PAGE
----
Although Mr. Novella never appeared in the revered Lost in Space TV series, his already long and distinguished career as a coward made him the obvious choice for Irwin when the need for an experienced malingerer arose.



Jill St. John


Jill St. John, as Jennifer Holmes 

Jill St. John was Irwin's pick to play Jennifer Holmes, the "other" glamour girl in The Lost World. Not to be upstaged by glamour-cave-girl Vitina Marcus, Jill played the trump card and broke out the pink go-go boots and skin-tight Capri pants, the perfect Amazonian summertime jungle wear.

Complete with a perfect hairdo, a killer wardrobe, a little yip-yip dog named Frosty, and all the other trappings of a wealthy and pampered prehistoric society, Jill's sensational allure rivaled even that of a certain cave girl appearing in the same film. 

With the atmosphere rife for an on-set rivalry between Jill and Vitina, Irwin still managed to keep the peace, proving that he was as skilled a diplomat as he was a director.   




Claude Rains

Claude Rains, as Professor George Edward Challenger

And our cup runneth over, as Irwin cast Claude Rains to portray Professor George Edward Challenger. His eminence, Mr. Rains is an entity of such immeasurable virtue that he is not in need of monotonous praise from the likes of me.  

I respectfully acknowledge the appearance of Mr. Rains because failure to do so would be an unforgivable travesty. But I say nothing more on the subject, lest I state something so obvious and uninspiring as to insult the intelligence of enlightened reader.



The Cavemen


Irwin's casting of the cavemen mustn't be overlooked, for their infallibly realistic portrayals are unmatched within the Pleistocene Epoch genre of film. Such meticulous attention to detail is what separates Irwin Allen from lesser filmmakers, whose pale imitations of his work only further to underscore the point.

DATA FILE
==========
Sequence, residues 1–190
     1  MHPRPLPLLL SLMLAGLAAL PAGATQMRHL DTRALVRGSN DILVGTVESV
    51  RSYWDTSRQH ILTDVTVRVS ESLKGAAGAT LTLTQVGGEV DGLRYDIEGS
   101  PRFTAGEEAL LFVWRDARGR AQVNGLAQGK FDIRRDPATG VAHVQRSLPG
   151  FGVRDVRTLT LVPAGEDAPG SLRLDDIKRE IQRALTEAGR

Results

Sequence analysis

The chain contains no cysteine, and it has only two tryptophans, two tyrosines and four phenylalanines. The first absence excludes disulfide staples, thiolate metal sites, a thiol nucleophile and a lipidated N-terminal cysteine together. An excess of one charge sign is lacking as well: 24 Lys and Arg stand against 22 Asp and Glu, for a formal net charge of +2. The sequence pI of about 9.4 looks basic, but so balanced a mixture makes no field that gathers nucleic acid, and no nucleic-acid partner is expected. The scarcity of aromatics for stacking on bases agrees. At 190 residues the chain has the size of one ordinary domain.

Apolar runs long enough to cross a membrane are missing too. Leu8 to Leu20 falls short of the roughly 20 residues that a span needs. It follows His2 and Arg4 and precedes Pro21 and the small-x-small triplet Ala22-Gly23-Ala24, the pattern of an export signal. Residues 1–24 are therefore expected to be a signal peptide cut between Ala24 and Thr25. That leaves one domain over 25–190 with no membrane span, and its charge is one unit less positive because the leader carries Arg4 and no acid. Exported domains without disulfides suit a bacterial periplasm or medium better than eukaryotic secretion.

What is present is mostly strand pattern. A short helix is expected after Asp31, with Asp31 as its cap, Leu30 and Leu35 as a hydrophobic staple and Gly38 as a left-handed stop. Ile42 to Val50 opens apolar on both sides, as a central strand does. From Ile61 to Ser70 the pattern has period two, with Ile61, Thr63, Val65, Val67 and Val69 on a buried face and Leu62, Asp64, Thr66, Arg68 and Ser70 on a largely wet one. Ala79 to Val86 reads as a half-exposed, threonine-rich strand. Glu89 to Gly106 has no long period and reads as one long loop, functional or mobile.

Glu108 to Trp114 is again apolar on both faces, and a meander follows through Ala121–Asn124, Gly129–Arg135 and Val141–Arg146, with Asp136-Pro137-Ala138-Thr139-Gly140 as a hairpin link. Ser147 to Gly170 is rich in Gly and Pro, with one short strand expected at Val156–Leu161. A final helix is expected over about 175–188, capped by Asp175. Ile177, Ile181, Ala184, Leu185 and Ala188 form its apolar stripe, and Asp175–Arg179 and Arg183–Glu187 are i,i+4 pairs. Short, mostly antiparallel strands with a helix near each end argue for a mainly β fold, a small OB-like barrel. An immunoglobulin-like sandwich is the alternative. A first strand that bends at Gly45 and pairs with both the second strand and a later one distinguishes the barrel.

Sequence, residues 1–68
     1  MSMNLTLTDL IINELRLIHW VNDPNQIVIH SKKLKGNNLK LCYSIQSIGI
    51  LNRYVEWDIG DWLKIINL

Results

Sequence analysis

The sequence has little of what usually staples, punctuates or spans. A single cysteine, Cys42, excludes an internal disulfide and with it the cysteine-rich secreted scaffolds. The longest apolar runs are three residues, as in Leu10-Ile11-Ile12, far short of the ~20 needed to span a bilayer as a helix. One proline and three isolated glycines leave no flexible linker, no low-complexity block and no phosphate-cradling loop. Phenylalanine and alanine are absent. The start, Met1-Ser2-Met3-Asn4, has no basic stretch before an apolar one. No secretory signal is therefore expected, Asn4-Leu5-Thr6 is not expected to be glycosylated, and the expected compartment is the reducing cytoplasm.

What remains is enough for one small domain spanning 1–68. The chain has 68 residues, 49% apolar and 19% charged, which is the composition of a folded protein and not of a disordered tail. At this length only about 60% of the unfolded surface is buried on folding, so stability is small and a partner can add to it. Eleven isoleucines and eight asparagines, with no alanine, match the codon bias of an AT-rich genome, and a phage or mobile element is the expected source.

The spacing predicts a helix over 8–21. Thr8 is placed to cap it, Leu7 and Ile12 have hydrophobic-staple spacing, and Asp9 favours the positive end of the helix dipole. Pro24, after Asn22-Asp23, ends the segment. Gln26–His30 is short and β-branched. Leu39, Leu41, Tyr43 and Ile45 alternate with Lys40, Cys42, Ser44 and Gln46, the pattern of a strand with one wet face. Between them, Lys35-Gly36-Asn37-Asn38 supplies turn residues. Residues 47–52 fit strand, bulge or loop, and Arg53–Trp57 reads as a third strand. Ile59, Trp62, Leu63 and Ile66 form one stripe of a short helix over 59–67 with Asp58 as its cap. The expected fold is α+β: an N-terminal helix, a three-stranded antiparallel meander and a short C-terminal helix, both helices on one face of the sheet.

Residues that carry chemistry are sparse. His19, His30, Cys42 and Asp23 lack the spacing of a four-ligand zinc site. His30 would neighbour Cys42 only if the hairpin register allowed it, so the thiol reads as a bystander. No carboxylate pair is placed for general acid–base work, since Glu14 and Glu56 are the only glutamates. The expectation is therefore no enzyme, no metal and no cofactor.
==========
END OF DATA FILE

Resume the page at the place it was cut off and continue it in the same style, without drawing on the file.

To be sure, it is possible to come away with the unfounded suspicion that the cavemen are really just a bunch of old white guys from the bar at the local Elks lodge. But Irwin was an absolute stickler for authenticity, and would never have allowed the use of such tawdry measures to taint his prehistoric magnum opus. 
In truth, Irwin's on-screen cavemen were borne of many grueling years of anthropological research, so the explanation for their somewhat modern, pseudo-caucasian appearance lies obviously elsewhere. And in keeping with true Irwin Allen tradition, that explanation will not be offered here. 



The Dinosaurs


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An Irwin Dinosaur, in 
The Lost World 

An Irwin Dinosaur, in
Voyage to the Bottom of the Sea 

An Irwin Dinosaur, in 
Lost in Space 


Dinosaurs - Filmography:  

1960 - The Lost World, Written, Directed and Produced by Irwin Allen.

1964 - Voyage to the Bottom of the Sea, Season One, Episode 7 - "Turn Back the Clock",  featuring Vitina Marcus as The Native Girl. Produced by Irwin Allen.

1965 - Lost in Space, Season One, Episode 5 - "There Were Giants", co-starring Guy Williams
and Mark Goddard, Produced by Irwin Allen.   

1965 - Voyage to the Bottom of the Sea, Season Two, Episode 46 - "Terror on Dinosaur Island",  featuring Paul Carr, Produced by Irwin Allen.

1966 - Voyage to the Bottom of the Sea, Season Three, Episode 62 - "Night of Terror",  featuring Henry Jones, Produced by Irwin Allen.